Sunday, May 3, 2015

The Fishing Is Not Good In Miami

GAME RECAP: Marlins Dominate Phillies 7-0

Dee Gordon provided the speed, slapping out three hits and stealing two bases, and Martin Prado delivered the power, connecting on a three-run homer while driving in four runs. The top-of-the-order combination gave Dan Haren plenty of support in the Marlins' 7-0 victory over the Phillies Saturday. Cole Hamels gave up a season-high six runs in six innings, the most runs allowed by the lefty since also surrendering six on April 29, 2014, to the Mets. Miami has won nine of 10, and reached 12-12 after starting 3-11. The Phillies have dropped five straight. "We've been on a nice run," Miami manager Mike Redmond said. "You give all those guys in that room the credit. They've gone out there and grinded it out together and put a nice streak together. We're playing good baseball. We're pitching. We're playing good defense, getting timely hitting. "I knew we would get it going. It wasn't the start that we wanted, but at the same time, it's such a long season. It's fun to see these guys playing with confidence out there and picking each other up, and having some fun." Hamels got out of a first-and-third, no-out jam in the first inning. But in the second inning, the Marlins capitalized on a two-out walk to Gordon. Prado blasted a three-run homer to left field. Statcast measured the drive at 414 feet. And in the third inning, back-to-back doubles by Jeff Baker and J.T. Realmuto made it 4-0. Haren threw six scoreless innings, and the Marlins have now limited the opposition to three or fewer runs in 10 straight games. Philadelphia's Odubel Herrera had an eighth-inning single, extending his streak to 17 games reaching safely.

  • The Marlins tested the home plate collision rule in the first inning. With Gordon on third, Giancarlo Stanton tapped to the mound. Hamels flipped home to Carlos Ruiz and Gordon attempted to jar the ball free. Gordon was tagged out, and Miami challenged to see if Ruiz provided a lane. The review lasted one minute, 26 seconds and the out stood.
  • "Just mixing it up. He's hitting both sides of the plate, he's using the whole field. He choked up on the bat. He was able to handle both sides of the plate. Tough to pitch to right now He's the guy you want to keep off the base." -- Sandberg on pitching to Gordon.
  • Both Miguel Alfredo Gonzalez and Ethan Martin, who both have been nursing inflammation in their right shoulder since early April, continue with their rehabs. "They're starting long toss, but no major changes for them," Amaro Jr. said. "They're progressing, but it's slow."
The Phillies finish off the second leg of a 10-game trip on Sunday afternoon at 1:10 p.m. ET against the Marlins. Severino Gonzalez, who surrendered seven runs on 10 hits in just 2 2/3 innings in his Major League debut against the Cardinals on Tuesday, looks to bounce back after that rough start.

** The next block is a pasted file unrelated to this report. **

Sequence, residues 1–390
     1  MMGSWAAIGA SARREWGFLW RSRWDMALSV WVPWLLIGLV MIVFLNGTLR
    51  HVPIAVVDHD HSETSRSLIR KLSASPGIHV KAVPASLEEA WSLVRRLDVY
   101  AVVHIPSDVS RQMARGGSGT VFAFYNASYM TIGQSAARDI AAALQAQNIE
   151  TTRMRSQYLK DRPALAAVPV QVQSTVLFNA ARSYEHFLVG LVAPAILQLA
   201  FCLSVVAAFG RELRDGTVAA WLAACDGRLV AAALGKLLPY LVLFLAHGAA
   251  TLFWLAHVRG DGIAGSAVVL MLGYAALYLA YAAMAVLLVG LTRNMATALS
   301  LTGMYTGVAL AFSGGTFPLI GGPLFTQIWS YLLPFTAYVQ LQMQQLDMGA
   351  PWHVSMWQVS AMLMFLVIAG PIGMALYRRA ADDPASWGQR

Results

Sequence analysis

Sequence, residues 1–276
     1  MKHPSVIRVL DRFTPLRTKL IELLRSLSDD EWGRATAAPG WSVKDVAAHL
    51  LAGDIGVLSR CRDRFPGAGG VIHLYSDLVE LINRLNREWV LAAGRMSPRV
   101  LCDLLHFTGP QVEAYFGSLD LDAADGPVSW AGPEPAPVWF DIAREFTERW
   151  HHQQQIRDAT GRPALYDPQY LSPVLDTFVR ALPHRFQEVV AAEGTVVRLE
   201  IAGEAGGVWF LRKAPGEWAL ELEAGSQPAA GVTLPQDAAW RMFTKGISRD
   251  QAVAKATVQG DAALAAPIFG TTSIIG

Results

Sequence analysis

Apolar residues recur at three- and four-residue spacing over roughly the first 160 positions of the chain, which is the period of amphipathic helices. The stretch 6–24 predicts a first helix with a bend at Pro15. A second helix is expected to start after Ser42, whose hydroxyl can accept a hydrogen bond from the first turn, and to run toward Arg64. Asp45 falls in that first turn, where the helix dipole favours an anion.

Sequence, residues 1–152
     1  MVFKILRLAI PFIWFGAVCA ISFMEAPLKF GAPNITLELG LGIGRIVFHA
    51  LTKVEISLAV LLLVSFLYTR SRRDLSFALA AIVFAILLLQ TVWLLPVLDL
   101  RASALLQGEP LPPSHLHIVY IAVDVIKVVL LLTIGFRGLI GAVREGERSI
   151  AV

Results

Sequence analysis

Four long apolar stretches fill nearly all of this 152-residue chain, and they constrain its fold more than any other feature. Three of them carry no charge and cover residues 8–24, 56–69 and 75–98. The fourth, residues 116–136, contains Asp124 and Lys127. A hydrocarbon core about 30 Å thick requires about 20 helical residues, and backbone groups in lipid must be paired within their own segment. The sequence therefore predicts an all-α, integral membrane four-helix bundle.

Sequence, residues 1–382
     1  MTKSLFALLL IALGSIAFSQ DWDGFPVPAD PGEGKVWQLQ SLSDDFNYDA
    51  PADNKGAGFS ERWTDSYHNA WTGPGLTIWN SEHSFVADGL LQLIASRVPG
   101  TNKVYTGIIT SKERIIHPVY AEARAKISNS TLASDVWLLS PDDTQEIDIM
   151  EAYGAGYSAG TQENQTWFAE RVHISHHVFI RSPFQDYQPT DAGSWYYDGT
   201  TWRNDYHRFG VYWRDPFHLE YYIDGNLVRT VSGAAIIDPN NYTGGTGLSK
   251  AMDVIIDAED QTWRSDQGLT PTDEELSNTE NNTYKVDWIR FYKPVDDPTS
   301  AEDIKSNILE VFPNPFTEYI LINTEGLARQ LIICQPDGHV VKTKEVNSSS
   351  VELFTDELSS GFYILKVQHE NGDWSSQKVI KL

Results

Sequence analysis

Not Good – Phillies left-hander Cole Hamels is a competitor, so games like Saturday's 7-0 loss  to the Marlins bring out the frustration in the 10-year veteran. While Philadelphia couldn't string together hits en route to its third shutout and fifth straight loss, Hamels gave up a season-high six runs on 10 hits over six innings, while walking three batters and striking out six. He has dropped three of his first six starts. Hamels quickly fell behind in the second inning on Martin Prado's three-run homer. After an appeal play wiped out a first-and-third situation with no outs, Dan Haren executed a sacrifice bunt to place a runner at second. With two outs, Hamels walked Dee Gordon before Prado's swing. Miami would build up a 5-0 lead by the fourth and score in five different frames. "I don't like to lose, so I think that's the No. 1 thing I always preach," Hamels said. "I want to win, I want to get the opportunity to win, and it hasn't been the case because of what I've been doing. Giving up early runs, giving up home runs, giving up more than 2-3 runs. You're not giving yourself a chance or any sort of opportunity. "I might not necessarily be -- beside today -- giving up a lot of hits but walking too many guys, giving them way too much credit. When you're trying to be too fine, then I think it's hard to bounce back and try to locate the next 3-4 pitches in a row to get yourself out of a jam, as opposed to if you're locating right away and they get themselves out." When asked whether the club's struggles might be affecting Hamels' production, manager Ryne Sandberg said the southpaw appeared frustrated throughout the outing, particularly on pitches he likely wished he had back. "I think he missed some pitches, some location on pitches and he also made some good pitches that were hit," Sandberg said. "He got behind early and we had zeroes up on the offensive side of things." Hamels has walked 19 batters over 37 innings and at least two in each of his six starts. It's uncharacteristic for him. In four of his 10 seasons, he has issued less than 50 total walks. Hamels believes the staff as a whole may be picking and choosing battles rather than pitching "free and easy" because of the lack of offensive production. Guys are pressing. And when his command is off or he doesn't locate a pitch, "I get hammered." Entering Saturday, Phillies starting pitchers had a 5-13 record -- the second-lowest winning percentage in baseball. The 33 runs of support rank last in the Majors. "When you have to be very fine because of the circumstances I think you look at it is as, 'If I can't get this guy out, move to the next guy,'" Hamels said. "You're trying to get three outs without a guy advancing three bases."